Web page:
U TAs, RAs to vote on union

To create a union, a majority of possible voters must approve GradTRAC.

Matt Graham

University graduate employees will decide next month if they want union representation.

The state’s Bureau of Mediation Services approved a request last week to hold a vote from graduate student employees across the University. It will happen April 11-15.

The Graduate Teaching and Research Assistants Coalition United Electrical Local 1105 filed the request. It has been seeking to unionize the University’s teaching and research assistants.

To create a union, a majority of the approximately 4,500 possible voters must approve GradTRAC as the official organization to represent them in labor matters.

If passed, “the vote will basically give us a government mandate saying that the University has to negotiate with us,” said Ryan Murphy, a union organizer and American studies fellow.

University officials had hoped for an election through mail-in ballots after finals week. The state rejected that request, because it felt on-campus balloting would improve turnout, Murphy said.

“The government’s job is to maximize the number of people voting,” he said.

Murphy said many graduate students would be out of the area after finals and might not be reached by a mailing.

Carol Carrier, University vice president for human resources, said the University felt it would be more convenient for graduate students, who are often not on campus, to have a mail-in ballot.

Carrier said the University is neither for nor against any potential union but questions the necessity of one.

She said teaching and research assistants’ dual status as students and employees makes them “a special employee group.”

“We think that the notion of direct interaction between graduate students and their department Ö probably yields a much better working environment,” she said.

She also expressed concern at the “mixed reaction” received by the University of Iowa’s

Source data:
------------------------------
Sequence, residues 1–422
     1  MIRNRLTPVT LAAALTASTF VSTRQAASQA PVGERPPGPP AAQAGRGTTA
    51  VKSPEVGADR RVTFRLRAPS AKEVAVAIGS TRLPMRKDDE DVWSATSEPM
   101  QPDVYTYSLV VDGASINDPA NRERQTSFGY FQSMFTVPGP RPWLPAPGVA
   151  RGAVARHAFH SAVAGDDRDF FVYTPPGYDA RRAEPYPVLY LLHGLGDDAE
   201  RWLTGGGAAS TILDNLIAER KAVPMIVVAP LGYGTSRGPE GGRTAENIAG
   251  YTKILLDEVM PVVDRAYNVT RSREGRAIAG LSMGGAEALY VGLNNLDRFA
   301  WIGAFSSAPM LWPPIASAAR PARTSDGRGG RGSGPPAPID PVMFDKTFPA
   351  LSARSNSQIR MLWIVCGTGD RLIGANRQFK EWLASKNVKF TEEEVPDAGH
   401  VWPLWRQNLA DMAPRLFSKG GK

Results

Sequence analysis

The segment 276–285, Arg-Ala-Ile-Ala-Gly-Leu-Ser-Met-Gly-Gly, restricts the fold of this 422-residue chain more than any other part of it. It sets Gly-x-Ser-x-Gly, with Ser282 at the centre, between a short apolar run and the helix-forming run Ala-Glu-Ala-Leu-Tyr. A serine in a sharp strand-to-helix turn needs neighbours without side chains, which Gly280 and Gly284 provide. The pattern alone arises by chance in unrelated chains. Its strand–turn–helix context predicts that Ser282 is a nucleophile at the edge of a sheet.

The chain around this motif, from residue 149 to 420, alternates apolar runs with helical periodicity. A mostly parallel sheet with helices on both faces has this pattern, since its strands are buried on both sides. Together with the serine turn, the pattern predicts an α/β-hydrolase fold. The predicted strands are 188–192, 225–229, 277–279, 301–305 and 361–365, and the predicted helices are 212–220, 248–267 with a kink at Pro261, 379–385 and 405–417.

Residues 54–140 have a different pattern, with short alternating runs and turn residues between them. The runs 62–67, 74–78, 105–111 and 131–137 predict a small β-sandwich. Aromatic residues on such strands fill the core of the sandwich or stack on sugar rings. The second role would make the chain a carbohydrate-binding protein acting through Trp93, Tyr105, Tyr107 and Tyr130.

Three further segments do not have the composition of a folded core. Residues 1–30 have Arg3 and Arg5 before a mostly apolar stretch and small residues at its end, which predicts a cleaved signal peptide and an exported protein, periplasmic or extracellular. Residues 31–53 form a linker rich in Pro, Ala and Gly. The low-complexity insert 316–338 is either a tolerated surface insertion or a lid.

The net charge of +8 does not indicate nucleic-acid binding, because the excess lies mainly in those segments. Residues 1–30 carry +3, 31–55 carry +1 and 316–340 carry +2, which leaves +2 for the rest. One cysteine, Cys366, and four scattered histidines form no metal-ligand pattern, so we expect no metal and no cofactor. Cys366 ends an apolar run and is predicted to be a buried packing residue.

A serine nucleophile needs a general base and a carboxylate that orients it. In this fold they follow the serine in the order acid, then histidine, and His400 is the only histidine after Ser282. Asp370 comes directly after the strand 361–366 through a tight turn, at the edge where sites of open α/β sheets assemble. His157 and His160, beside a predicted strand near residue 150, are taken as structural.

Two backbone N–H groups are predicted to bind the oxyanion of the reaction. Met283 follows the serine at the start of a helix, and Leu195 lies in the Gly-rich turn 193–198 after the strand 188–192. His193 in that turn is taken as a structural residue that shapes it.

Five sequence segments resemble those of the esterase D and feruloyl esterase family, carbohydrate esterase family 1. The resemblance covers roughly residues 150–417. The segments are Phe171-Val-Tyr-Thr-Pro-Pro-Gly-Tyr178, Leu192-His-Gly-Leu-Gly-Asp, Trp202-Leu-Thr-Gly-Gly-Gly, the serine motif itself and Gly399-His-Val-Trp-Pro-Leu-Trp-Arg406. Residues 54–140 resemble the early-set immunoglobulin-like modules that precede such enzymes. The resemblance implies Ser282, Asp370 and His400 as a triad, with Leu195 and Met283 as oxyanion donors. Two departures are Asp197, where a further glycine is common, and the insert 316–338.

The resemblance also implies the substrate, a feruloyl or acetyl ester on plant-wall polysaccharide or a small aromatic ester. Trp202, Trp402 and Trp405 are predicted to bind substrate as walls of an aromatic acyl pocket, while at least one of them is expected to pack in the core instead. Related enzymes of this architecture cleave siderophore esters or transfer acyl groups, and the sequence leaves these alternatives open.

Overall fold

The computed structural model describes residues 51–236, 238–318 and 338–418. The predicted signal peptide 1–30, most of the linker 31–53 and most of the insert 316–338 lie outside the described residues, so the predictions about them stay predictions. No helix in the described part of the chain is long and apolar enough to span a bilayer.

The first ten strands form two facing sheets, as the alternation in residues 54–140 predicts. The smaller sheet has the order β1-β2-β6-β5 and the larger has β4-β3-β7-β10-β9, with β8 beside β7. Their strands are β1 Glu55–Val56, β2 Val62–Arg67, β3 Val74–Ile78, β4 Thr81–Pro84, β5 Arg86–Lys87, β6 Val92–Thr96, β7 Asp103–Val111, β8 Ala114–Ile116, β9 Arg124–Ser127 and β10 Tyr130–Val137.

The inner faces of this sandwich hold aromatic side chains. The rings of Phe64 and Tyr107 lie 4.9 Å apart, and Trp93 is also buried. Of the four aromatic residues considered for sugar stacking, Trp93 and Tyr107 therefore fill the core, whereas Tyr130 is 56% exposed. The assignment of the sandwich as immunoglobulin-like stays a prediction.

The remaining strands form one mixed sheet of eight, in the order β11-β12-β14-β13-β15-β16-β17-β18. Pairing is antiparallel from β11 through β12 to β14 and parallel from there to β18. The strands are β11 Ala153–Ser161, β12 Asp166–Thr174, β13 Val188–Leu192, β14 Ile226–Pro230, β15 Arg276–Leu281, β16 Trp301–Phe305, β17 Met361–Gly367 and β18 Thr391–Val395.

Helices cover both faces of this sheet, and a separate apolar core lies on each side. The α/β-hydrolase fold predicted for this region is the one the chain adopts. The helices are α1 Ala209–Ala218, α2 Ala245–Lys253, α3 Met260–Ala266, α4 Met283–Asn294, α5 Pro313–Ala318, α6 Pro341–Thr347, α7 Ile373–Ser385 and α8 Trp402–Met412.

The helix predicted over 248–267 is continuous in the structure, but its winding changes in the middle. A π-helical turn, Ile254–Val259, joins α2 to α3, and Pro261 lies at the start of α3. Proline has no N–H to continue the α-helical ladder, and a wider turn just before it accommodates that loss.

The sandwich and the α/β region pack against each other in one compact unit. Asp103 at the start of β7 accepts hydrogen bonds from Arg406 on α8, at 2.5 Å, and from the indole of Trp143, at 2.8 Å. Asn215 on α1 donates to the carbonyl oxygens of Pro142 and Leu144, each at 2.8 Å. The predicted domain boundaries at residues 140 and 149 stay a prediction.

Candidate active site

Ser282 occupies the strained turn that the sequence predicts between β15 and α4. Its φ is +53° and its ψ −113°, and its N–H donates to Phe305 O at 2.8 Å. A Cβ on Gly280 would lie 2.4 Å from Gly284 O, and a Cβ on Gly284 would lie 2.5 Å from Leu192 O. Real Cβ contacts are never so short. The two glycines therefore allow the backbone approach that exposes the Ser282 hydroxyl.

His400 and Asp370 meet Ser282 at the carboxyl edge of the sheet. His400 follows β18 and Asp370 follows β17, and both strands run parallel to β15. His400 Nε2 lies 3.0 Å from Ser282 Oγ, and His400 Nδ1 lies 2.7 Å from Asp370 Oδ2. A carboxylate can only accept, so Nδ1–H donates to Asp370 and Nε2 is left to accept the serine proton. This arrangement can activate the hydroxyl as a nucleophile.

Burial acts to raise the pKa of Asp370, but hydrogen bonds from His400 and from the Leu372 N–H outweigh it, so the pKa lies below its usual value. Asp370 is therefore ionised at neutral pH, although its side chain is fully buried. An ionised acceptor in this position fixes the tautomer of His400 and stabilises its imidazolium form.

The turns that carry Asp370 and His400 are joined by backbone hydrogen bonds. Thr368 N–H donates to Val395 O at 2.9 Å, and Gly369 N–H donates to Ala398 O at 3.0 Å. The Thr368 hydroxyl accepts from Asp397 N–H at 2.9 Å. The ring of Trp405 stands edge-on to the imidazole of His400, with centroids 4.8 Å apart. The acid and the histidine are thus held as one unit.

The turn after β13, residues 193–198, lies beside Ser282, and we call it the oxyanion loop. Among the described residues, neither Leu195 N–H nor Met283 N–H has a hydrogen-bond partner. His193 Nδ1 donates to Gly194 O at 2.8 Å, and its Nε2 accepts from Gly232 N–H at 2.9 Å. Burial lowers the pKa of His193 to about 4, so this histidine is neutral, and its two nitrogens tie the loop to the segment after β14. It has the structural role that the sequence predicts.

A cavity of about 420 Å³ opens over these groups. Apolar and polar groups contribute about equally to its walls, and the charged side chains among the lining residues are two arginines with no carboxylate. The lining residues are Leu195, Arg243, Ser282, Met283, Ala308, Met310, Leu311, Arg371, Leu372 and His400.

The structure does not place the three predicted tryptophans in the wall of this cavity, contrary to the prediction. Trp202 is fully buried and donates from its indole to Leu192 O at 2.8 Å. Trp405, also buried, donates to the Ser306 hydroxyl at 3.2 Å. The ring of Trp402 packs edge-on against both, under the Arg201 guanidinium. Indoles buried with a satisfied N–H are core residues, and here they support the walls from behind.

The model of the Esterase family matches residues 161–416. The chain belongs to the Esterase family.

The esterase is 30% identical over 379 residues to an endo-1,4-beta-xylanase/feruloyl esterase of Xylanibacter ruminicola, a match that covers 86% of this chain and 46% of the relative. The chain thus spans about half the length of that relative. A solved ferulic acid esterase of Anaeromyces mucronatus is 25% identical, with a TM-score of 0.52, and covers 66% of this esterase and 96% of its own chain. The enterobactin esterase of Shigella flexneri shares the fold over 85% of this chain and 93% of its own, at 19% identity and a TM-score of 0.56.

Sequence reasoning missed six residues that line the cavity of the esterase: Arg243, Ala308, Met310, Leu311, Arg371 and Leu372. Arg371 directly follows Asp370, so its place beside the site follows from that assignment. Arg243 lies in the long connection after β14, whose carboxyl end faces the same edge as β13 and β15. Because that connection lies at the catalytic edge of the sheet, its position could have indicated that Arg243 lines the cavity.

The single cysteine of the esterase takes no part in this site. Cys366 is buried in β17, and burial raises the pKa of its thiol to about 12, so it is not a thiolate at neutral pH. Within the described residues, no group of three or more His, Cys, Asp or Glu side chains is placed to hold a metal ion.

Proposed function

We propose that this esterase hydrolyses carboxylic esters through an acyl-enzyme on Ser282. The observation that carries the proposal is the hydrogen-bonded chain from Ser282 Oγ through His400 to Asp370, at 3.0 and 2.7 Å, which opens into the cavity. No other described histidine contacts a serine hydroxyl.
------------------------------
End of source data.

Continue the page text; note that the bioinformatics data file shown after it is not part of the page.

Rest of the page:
graduate student union – the other graduate employee group represented by the United Electrical, Radio and Machine Workers of America – about the group’s lack of familiarity with “academic culture.”

Despite the concern, Carrier said the University of Minnesota encourages graduate students to participate.

“We believe very strongly that every graduate student who could be impacted by this should be well-informed and should vote,” Carrier said.

Karen Buhr, vice president of the Graduate and Professional Student Assembly, which represents graduate students in student government, said GAPSA could not take a position on unionization because the group represents too many different interests.

“Our only job is going to be to provide information to our students,” she said.

Phyllis Walker, president of the American Federation of State, County and Municipal Employees Local 3800, said her union supports GradTRAC.

She said there are currently 4,500 unionized workers on campus. GradTRAC would double that number.

“The more people who are unionized, the stronger we all are,” she said.

Murphy said he expects graduate employees to be more supportive of unionization than they were in 1999, when they voted against a similar measure.

He said this year’s vote has a better chance because the current movement has been during one academic year, minimizing the graduate employee turnover that hurt support for the last vote.

Murphy also said the recent economic downturn has made the union a necessity for graduate students.

“The University (of Minnesota)’s budget picture isn’t quite so rosy,” he said